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Although the comments from Mojo are just side comments, I think the statements in the second paragraph about allocation of fiduciary responsibility, appointment of fiduciaries, delegation of fiduciary responsibilities, co-fiduciary liability, and exposure of plan sponsors need a lot more depth and detail to be accurate. The first paragarph is on the mark except for the presumption in the last sentence that the plan sponsor would be the plan administrator.

Thanks for the critique - care to elaborate? In a blog one cannot sufficiently encapsulate what I've been doing for a living for close to 30 years. My point was to raise the issue to a higher level of concern - so that those interested would pursue additional information, if not resources, to assist.

I agree that the topic requires considerably more depth and detail, but am currious as to what you find lacking that renders my position not "accurate" - especially considering I stated it was my "opinion"?

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I do not care to engage in the discussion that we agree would be interesting and beyond the typical scope of this forum. My intent was to apply a counterbalance to the opinon that it is "hogwash" to think that appointment of a fiduciary does not offer considerable protection to the appointing fiduciary, and may even increase exposure -- it all depends on how it is done and the circumstances. As a specific example of difference of opinion, if a plan sponsor is so foolish as to be the plan administrator of a retirement plan, I think that engaging aTPA as a fiduciary for services does not increase potential liability to the plan sponsor for a TPA screw-up on those services compared to a non-fiduciary engagement of the TPA for the sevices.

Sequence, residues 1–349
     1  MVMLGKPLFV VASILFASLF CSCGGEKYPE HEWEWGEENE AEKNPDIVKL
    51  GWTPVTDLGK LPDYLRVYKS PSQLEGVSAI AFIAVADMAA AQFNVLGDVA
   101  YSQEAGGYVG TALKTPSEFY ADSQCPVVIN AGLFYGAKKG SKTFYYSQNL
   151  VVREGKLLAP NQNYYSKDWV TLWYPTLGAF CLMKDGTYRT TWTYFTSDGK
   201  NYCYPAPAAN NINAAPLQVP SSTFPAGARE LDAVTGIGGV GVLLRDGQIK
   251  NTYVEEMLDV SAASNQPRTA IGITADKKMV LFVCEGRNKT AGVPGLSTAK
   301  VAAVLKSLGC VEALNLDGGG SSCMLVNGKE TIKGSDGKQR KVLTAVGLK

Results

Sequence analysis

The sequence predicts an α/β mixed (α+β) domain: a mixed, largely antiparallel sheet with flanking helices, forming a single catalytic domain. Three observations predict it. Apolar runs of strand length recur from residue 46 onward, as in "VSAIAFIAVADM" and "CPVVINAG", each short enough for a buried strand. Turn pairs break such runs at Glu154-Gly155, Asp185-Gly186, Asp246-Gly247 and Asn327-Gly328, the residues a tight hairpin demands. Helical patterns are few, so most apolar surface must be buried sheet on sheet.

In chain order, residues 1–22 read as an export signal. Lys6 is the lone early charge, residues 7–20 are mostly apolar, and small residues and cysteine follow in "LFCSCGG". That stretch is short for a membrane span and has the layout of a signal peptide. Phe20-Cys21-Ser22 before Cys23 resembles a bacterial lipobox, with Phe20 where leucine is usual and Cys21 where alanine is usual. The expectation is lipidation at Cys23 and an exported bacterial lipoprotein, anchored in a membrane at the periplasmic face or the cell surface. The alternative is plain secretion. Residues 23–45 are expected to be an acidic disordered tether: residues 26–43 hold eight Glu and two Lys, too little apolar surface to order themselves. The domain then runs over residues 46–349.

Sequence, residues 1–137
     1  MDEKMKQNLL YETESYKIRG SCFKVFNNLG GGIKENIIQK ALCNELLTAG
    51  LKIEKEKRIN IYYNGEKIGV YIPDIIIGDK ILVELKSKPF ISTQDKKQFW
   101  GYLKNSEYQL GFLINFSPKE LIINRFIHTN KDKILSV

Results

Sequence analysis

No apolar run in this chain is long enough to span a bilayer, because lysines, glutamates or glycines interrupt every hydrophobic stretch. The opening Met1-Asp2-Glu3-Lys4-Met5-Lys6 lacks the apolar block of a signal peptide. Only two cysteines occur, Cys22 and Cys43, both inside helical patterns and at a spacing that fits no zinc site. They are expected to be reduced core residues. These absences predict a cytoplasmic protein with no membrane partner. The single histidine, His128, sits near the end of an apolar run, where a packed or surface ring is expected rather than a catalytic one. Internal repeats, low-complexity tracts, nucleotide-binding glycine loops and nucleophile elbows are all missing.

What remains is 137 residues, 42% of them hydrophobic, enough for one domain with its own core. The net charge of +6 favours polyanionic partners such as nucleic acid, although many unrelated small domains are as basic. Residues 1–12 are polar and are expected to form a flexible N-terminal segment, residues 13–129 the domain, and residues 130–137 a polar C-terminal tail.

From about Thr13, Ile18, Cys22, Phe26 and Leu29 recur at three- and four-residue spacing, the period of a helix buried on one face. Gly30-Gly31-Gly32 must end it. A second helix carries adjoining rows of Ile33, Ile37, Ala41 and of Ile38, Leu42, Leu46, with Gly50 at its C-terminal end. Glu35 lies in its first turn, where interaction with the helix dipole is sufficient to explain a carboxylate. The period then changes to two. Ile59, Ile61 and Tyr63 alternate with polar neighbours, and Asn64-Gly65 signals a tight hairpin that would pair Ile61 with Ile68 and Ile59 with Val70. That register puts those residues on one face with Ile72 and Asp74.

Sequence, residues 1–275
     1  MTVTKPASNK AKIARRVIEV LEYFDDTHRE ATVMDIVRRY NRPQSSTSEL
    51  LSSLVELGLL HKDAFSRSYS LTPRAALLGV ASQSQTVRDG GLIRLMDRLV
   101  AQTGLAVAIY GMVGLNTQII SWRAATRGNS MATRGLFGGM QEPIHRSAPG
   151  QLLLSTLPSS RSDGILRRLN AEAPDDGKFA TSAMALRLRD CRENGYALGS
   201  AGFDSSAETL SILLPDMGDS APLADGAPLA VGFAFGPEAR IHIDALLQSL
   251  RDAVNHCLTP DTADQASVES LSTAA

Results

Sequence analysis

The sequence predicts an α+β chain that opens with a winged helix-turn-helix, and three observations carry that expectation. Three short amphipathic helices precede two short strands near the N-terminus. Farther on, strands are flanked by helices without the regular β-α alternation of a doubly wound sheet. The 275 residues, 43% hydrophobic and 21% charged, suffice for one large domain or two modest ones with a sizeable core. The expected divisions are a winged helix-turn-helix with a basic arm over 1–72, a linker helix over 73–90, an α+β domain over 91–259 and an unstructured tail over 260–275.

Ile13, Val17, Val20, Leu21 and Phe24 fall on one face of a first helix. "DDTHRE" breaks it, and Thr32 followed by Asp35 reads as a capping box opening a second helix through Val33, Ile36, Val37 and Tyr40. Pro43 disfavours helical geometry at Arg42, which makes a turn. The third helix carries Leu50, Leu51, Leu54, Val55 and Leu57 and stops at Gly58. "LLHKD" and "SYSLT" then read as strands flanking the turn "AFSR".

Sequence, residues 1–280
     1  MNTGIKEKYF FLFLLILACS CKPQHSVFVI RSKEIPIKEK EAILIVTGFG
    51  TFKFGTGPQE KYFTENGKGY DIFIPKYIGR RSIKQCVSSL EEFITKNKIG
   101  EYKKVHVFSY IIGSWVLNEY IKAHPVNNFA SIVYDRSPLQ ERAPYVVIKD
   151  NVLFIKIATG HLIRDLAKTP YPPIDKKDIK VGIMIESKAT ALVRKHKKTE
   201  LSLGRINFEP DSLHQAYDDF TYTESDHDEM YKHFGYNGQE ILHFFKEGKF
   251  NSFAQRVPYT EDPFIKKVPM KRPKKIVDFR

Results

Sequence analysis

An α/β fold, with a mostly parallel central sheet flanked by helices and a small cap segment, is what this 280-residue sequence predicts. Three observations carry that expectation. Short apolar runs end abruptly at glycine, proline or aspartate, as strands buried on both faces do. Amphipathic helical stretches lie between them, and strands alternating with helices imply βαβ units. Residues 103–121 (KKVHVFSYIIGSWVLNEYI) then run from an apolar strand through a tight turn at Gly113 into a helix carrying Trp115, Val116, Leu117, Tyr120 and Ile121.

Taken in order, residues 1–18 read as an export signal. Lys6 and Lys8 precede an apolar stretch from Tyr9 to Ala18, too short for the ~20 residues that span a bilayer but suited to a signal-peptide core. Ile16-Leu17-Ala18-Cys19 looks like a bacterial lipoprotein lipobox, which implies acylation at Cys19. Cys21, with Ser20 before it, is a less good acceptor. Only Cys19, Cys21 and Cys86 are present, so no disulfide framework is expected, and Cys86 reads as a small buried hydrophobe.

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I do not care to engage in the discussion that we agree would be interesting and beyond the typical scope of this forum. My intent was to apply a counterbalance to the opinon that it is "hogwash" to think that appointment of a fiduciary does not offer considerable protection to the appointing fiduciary, and may even increase exposure -- it all depends on how it is done and the circumstances. As a specific example of difference of opinion, if a plan sponsor is so foolish as to be the plan administrator of a retirement plan, I think that engaging aTPA as a fiduciary for services does not increase potential liability to the plan sponsor for a TPA screw-up on those services compared to a non-fiduciary engagement of the TPA for the sevices.

There is a difference between not wanting to engage in a discussion where you might profer a differeing opinion, and telling people that my comments are inaccurate.

I respect that there are other opinions on the matter - and even laid them out in my post (the part immediately proceeding the "hogwash" statement - without which my hogash statement would have had nothing to reference).

I will stand by my opinion - that hiring additional fiduciaries rarely reduces the fiduciary liability of the one who does the hiring - and that few people pushing the "TPA as 3(16) Plan Administrator" have a clue as to the issues involved, actually "properly delegate" responsibility, successfully "don't interfere" (thereby becoming again a fiduciary in their own right), and actually have a reason to sleep better at night.

Can it be done? Yes. Is it the norm in the industry to do it right? Absolutely not.

Next time, if you want to disagree - say "in my opinion" MoJo is wrong, but to say I'm not accurate is itself a misrepresentation.

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QDROphile and I usually agree. Not this time. I agree with MoJo that if the 3(16) named fiduciary enters into an arrangement with a service provider that accepts the mantel of fiduciary then co-fiduciary liability may result in greater exposure than if they had just hired the service provider to perform ministerial tasks.

But gettiing back to the OP's issue, it is my opinion that no matter how complicated the code and regs are with respect to a given issue (determining HCE's, providing proof that the benefits are non-discriminatory, proving that coverage satisfies 410(b)) in the absence of a specific delegation of fiduciary responsibility the service provider is not a fiduciary with respect to the plan.